U.S. banking giant Wells Fargo & Co. is expanding in Canada, hoping to capitalize on what it sees as pent-up demand for borrowing among companies, particularly those with cross-border and overseas businesses.
Even as Bank of Canada Governor Mark Carney has fretted in recent months about a so-called “dead money” problem in Canada, in which companies are sitting on massive stockpiles of cash and not investing due to concerns about the economy, Wells Fargo executives believe there is considerable business to be done here.
The fourth-largest U.S. bank by assets formally announced its Canadian expansion on Tuesday, a move that was telegraphed a month ago when Wells Fargo was granted a licence from federal regulators to operate as a Schedule III bank in Canada. That designation allows Wells Fargo to take deposits and make loans.
However, the bank has no plans to compete with Canada’s major banks for retail clients, but will instead focus on building out a lending portfolio for commercial and corporate clients, catering to U.S. companies who do business in Canada, and Canadian companies that export south of the border.
With a strong focus on the energy and resources sector in the U.S., Richard Yorke, head of Wells Fargo’s international group, said the bank saw demand from a number of wholesale clients to formally set up shop in Canada.
After Wells Fargo merged with troubled Wachovia in 2008 in a $15.1-billion (U.S.) deal, the San Francisco-based bank has been looking for ways to build upon Wachovia’s business banking platform. The bank prioritized 20 countries outside the U.S. where its wholesale customers were doing most of their business, including Canada.
“Over the years, we’ve crystallized out international strategy in terms of what our focus ins going to be,” Mr. Yorke said in an interview Tuesday in Toronto.
“Given the amount of cross-border trade and business, Canada was clearly very high on our priorities, driven by our customers,” Mr. Yorke said.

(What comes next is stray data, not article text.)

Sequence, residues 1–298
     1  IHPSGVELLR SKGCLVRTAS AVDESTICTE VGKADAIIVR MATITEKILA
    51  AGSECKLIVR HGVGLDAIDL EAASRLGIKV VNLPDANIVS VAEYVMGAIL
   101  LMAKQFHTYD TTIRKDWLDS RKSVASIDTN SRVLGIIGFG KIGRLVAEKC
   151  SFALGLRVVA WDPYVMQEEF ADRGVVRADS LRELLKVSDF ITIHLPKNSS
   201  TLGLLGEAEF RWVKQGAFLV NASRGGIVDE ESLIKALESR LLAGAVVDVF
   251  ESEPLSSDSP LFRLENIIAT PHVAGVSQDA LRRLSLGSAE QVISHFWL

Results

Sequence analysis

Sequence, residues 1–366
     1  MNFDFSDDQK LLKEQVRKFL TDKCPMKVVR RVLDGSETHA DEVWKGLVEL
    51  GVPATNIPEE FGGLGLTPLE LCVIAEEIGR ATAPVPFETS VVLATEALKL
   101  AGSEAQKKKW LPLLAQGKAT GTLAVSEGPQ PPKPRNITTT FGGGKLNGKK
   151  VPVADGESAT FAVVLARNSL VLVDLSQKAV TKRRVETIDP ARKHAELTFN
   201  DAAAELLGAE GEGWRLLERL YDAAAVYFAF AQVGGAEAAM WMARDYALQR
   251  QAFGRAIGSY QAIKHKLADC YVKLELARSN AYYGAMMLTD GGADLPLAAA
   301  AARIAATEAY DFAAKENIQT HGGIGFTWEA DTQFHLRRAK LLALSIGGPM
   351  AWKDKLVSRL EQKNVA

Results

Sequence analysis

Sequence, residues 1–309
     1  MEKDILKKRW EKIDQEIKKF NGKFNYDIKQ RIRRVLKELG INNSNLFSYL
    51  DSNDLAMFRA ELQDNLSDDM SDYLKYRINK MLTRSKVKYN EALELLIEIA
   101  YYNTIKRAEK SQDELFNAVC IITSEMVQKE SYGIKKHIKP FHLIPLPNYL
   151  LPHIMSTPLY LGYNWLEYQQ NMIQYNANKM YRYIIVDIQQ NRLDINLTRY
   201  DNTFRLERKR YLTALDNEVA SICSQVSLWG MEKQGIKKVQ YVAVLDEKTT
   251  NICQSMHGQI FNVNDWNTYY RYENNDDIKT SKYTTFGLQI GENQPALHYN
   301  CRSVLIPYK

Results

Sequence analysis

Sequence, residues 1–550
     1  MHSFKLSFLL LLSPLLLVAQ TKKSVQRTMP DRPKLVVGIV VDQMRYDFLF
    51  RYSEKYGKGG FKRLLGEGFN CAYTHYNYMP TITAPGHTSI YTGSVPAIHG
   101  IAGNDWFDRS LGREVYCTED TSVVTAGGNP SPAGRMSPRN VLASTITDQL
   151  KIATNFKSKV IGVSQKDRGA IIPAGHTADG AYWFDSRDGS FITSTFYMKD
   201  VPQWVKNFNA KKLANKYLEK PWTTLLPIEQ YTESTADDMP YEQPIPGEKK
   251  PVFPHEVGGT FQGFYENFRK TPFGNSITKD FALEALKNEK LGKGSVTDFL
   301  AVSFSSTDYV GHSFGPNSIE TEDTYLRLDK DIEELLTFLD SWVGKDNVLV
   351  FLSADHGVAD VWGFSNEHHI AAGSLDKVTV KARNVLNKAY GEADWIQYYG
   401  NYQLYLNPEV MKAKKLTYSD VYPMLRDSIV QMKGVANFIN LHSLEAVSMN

Wells Fargo also plans to seek more lending, foreign exchange, treasury management and trade business with wholesale customers in Canada. In addition to its offices in Toronto, the bank has offices in Montreal, Calgary and Vancouver.
The bank, which has more than $1.4-trillion (U.S.) in assets and 9,000 U.S. branches has been eyeing Canadian expansion after it pulled back some of its operations in the wake of the financial crisis. It shut its consumer finance operation in Canada in 2010, as the U.S. parent bank looked to retool its lending business. However, it continued to operate in some niche areas in Canada, including capital finance and equipment leasing.
Despite the debate about whether Canadian corporate borrowing is mired in a slump, Wells Fargo’s senior-vice president and country head for Canada, Richard Valade, said he is optimistic that industry is girding for expansion.
Mr. Valade said that although Wells Fargo’s decision to expand was based more on demand from existing clients, rather than trying to time a market uptick in commercial lending, the bank is expecting the market to grow.
The dead money debate erupted in Canada in August when Mr. Carney criticized companies for hoarding cash and not investing in expansion, which he argued was hurting innovation, slowing job growth and hindering the economic recovery. However, not all businesses agree. A survey by Market Intelligence of more than 500 Canadian businesses last month revealed that 56 per cent of companies say they plan to make investments in their operations in the coming year, such as buying equipment, to enhance productivity.
Mr.Valade said Wells Fargo is comfortable expanding its wholesale business in Canada because of the demand for lending it has heard from existing U.S. customers doing business here. Like Canada, U.S. companies have spent the past few years shoring up their balance sheets, and some are now considering expansion.
“We’re not coming into a market unknown,” Mr. Valade said. “We know what our customers needs are because we have those customers in the U.S. and they’re telling us what their needs are in Canada. We believe there is great opportunity.”
Other Schedule III banks operating in Canada include Bank of America, The Bank of New York Mellon, Barclays Bank and Citibank. Wells Fargo, long considered more conservative than its peers, is among the U.S. banks to have fared the best during the U.S. financial crisis, due largely to its traditional focus on deposits and loans. It has offices in more than 35 countries including Canada.